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Getting the Facts Straight About Mild Traumatic Brain Injuries

 March 22, 2018

By  Debbi Katz

The term ‘mild traumatic brain injury’ is problematic in and of itself. It may be distinguishing itself from other types of traumatic brain injury but there is nothing mild about it. If anything, the distinction is an attempt to highlight injuries that may go undetected. Last year, Canadian researchers published an article that went so far as to suggest that auto insurance adjusters and defense lawyers have been misrepresenting such injuries and their severity. It is time we learn the facts about mild traumatic brain injury.

What is it?

A mild traumatic brain injury is what most people call a concussion. It is the most common type of traumatic brain injury. The American Congress of Rehabilitation Medicine defines it as “a mild injury to the head that results in a brief period of unconsciousness followed by impaired cognitive function”. What follows is an array of symptoms collectively referred to as post-concussion syndrome, or PCS.

What are the effects?

The symptoms referred to as post-concussion syndrome include headaches, fatigue, depression, anxiety and irritability. The long-term cognitive impairment shows effects on executive function, learning and memory, attention and processing speed.

There are immediate effects. A single concussion is all it takes to disrupt the neurological mechanisms that control cognition. Just one mTBI can affect white matter, which refers to areas of the central nervous system that affect learning and brain function. Concussions are followed by something called a ‘neurometabolic cascade’. This cascade of events creates a severe energy crisis in the brain, which can lead to cell death and neuronal function. This then leads to the loss of consciousness, blurred vision, and the imbalance typically associated with traumatic brain injury. During this phase, the injured individual must avoid further blows to the head. Any additional trauma during this period could result in cerebral edema. Swelling would increase, preventing oxygen and glucose reaching the brain. Without adequate blood supply to the brain, the result would be a stroke.

What facts have been debunked?

Coaches today may know better but those of us who are older can remember being told to “shake it off” or “walk it off” in response to just about any sports injury. That advice was by no means based on fact but putting it behind us was a good start. So, what facts have been debunked by mTBI research?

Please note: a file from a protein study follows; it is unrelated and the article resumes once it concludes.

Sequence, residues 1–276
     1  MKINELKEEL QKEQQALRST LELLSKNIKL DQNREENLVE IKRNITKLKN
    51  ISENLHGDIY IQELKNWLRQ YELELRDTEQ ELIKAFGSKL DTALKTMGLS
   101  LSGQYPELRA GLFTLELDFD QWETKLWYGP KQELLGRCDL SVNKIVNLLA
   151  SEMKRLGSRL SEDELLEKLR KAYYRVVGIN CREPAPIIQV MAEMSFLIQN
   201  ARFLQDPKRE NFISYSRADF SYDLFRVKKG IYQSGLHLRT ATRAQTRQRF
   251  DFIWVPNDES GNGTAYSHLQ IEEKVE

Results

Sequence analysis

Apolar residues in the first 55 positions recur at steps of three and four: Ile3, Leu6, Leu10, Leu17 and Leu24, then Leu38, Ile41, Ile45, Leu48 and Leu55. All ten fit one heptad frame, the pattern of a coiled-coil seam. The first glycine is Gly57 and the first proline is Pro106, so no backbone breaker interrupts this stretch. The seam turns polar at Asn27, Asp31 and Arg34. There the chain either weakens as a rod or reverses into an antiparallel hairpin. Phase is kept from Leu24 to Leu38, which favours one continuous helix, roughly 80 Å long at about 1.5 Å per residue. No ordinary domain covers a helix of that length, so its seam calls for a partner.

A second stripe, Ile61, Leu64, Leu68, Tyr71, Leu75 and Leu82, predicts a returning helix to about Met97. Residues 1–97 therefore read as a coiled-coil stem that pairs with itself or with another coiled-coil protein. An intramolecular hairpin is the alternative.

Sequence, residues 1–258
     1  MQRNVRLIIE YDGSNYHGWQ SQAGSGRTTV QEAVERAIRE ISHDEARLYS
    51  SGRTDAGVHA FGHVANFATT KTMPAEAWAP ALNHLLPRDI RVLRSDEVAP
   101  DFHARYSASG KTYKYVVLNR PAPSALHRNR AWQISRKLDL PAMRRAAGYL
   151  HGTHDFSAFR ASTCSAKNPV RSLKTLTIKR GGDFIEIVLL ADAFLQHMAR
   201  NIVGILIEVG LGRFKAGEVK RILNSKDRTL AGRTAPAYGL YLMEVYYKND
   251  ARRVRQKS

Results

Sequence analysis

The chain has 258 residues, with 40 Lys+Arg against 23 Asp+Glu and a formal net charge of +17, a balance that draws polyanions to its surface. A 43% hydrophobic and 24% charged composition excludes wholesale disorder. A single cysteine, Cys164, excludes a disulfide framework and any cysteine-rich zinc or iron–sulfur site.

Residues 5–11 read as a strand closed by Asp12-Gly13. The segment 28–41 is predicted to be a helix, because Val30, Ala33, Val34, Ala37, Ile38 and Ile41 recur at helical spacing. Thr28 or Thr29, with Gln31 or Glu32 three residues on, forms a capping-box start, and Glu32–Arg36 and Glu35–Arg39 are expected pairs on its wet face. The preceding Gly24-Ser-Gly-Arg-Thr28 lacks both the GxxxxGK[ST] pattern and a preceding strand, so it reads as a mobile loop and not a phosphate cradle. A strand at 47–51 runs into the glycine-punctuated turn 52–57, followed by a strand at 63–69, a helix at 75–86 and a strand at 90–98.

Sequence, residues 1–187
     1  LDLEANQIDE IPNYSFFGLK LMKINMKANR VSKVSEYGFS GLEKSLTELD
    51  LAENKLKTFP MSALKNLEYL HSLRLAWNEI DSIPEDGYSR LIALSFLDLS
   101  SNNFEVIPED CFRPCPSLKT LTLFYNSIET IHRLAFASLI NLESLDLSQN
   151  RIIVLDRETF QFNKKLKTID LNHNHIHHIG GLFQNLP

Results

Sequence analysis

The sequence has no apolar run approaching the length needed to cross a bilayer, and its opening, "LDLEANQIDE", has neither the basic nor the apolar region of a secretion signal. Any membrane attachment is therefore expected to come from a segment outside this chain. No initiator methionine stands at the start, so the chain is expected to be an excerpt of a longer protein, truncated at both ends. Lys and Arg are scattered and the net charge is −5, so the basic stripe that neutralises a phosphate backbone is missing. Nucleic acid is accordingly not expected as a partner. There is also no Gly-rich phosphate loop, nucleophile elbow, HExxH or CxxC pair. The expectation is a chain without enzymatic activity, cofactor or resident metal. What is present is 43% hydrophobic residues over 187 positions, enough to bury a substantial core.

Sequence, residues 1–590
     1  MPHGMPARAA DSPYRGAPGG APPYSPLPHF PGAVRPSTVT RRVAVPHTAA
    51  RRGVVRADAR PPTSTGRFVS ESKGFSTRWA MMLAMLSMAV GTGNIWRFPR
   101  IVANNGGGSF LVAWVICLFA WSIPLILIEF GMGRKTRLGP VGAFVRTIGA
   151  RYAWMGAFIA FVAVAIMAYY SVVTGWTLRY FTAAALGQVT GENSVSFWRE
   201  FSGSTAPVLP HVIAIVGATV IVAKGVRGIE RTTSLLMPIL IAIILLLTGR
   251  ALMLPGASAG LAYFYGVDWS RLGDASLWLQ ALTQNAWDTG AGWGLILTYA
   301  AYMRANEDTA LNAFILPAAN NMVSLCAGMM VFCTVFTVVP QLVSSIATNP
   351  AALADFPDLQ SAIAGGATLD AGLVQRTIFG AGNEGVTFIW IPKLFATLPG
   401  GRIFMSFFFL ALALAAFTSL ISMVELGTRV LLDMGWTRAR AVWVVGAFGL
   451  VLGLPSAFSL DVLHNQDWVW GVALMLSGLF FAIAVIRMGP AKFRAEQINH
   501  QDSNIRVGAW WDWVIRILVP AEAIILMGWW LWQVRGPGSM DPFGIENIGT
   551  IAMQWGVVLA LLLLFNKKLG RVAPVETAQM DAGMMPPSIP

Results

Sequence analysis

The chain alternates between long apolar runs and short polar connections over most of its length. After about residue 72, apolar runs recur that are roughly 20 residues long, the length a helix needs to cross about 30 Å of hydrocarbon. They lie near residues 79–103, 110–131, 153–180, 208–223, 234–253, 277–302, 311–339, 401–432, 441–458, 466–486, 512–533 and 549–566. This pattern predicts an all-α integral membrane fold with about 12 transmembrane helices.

First, there is the statistic that only 15% of individuals with a first-time concussion experience post-concussion syndrome. The truth is that half of individuals with a single mTBI demonstrate long-term cognitive impairment. Also, it has been believed that symptoms fade after three months, in the majority of individuals. However, some individuals have been reported to experience symptoms beyond the first year following their injury.

If your initial thoughts upon reading this were of sports-related injuries, that is understandable. Just don’t forget about car accidents. The Centers for Disease Control and Prevention (CDC) has a whole host of statistics on its Traumatic Brain Injury & Concussion page about the relationship between auto accidents and traumatic brain injuries. More than half of all reported traumatic brain injuries are caused by automobile accidents.

There is a reason why you are instructed to sit perfectly still following a serious car accident and to not move if you suspect even the slightest injury. Traumatic brain injury in auto accidents are typically caused by either a blow to the head or whipping of the head back and forth causing axonal shearing and collision of the brain with the skull. You might recognize that last injury by the name it is more commonly referred to by: whiplash. As for blows to the head, objects like steering wheels and windshields are the usual suspects. However, there may not be an open wound to the skull. The sheer force of the accident alone can cause the brain to collide against the internal hard bone of the skull. Contusions and brain hemorrhages may not be visible at the time of injury.

How do I learn more?

We specialize in traumatic brain injuries. Whether it be legal support, case management or medical consultation, our services are just a phone call or an e-mail away. On our website, we have written a great deal about the challenges facing those who have experienced a TBI, like in the article entitled The Storm That Follows a Traumatic Brain Injury. We delve deeper into concussions and brain trauma in professional football, see here and here. Children and their vulnerability to TBIs are always a pressing concern, as addressed here and, in a follow-up, here. We even follow legal developments regarding TBIs and auto accidents, which you can read about here. Continue to visit this blog for more information on these subjects and our services.

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